Evan 16:55
Fantastic. Well, anyway, so going full circle, it comes back to strategic thinking time, what are the ways, you know, by putting that time aside what are the ways you can improve your pipeline, whatever their pipeline isn’t whatever pipeline means to you.

Warsha 17:11
Yes, so really take some time and sit down and this is

Evan 17:15
Grab a coffee or tea

Warsha 17:16
Grab a coffee yeah grab a coffee, tea, so make this one of your thinking time points as to how do you build your pipeline. And in all aspects of your business.

Evan 17:26

Warsha 17:27
You know what, there’s a different pipeline that also can be built is not so much a people pipeline, but a product pipeline, but that’s for conversation at a different time.

Evan 17:39
Totally, Thanks for listening. Have a great day ahead.

Warsha 17:42
Hey hey hey, thanks for joining us and listening, right till the end.

Evan 17:48
Get on over to daretoscale.fm to subscribe and access show notes and transcriptions.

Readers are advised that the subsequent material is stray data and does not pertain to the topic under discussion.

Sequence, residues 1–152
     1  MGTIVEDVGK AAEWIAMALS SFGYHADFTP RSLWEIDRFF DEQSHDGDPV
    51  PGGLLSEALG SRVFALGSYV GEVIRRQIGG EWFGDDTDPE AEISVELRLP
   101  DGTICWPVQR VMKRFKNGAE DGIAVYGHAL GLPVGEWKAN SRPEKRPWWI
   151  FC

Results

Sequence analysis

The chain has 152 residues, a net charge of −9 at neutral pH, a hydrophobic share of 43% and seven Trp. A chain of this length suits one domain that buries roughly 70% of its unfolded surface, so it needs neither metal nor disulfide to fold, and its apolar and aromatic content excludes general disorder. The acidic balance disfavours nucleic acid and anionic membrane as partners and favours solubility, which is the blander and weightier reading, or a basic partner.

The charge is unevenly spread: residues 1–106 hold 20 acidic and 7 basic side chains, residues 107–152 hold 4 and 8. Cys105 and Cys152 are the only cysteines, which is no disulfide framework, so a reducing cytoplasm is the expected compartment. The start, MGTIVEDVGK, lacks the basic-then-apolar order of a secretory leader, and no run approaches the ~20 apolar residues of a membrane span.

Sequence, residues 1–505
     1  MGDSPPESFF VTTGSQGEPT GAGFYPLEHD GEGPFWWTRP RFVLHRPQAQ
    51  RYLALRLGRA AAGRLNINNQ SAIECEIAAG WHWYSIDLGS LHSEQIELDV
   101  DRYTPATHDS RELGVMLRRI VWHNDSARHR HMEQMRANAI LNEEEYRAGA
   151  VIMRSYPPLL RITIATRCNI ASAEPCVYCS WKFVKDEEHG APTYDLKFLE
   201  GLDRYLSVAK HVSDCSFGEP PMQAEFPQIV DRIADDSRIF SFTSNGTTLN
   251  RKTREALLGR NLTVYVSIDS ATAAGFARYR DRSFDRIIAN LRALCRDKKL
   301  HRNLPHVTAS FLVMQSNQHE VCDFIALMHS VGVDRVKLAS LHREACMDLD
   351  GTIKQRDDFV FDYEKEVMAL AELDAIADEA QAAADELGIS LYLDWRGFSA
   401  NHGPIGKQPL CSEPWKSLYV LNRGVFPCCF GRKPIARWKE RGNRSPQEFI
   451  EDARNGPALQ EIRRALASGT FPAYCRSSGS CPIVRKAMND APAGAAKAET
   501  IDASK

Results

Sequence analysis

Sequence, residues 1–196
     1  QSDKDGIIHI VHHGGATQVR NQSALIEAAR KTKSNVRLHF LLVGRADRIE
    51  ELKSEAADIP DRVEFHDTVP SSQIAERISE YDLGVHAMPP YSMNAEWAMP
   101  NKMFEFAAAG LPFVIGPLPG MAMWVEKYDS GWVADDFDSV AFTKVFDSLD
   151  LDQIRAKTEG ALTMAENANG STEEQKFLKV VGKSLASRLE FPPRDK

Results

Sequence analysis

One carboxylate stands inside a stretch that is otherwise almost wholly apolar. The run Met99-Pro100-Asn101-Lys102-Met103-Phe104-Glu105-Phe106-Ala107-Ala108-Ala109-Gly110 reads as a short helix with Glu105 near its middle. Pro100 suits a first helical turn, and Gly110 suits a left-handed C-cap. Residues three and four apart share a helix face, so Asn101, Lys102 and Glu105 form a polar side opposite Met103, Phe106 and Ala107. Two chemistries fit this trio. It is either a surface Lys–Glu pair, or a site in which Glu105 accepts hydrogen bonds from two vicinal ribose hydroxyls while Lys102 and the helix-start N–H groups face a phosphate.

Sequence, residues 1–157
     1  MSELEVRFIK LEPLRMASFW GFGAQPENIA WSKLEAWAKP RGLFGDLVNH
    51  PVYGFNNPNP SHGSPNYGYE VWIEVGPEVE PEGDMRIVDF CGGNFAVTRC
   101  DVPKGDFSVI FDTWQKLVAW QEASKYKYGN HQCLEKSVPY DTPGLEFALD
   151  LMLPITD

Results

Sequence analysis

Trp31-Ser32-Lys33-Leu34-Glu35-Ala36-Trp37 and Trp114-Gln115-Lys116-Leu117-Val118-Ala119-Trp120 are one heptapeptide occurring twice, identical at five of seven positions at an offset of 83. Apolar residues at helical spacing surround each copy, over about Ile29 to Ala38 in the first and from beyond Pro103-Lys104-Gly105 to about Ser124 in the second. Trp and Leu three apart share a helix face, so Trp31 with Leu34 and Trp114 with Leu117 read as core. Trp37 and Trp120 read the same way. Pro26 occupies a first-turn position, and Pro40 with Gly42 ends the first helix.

Warsha 17:54
Oh also, did you know that we have a Facebook page for our podcast listeners. Come join the conversations at daretoscale.fm/facebook.

Evan 18:05
Absolutely, oh and also remember to give us a five-star review so other entrepreneurs can find this podcast like you, and get value to scale forward their business.

Warsha 18:14
Fabulous, we will see you at our next show. Bye for now.

Evan 18:18

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> To send periodic emails
We may use the email address to respond to their inquiries, questions, and/or other requests.

How we protect your information

We adopt appropriate data collection, storage and processing practices and security measures to protect against unauthorized access, alteration, disclosure or destruction of your personal information, username, password, transaction information and data stored on our Site.

Sharing your personal information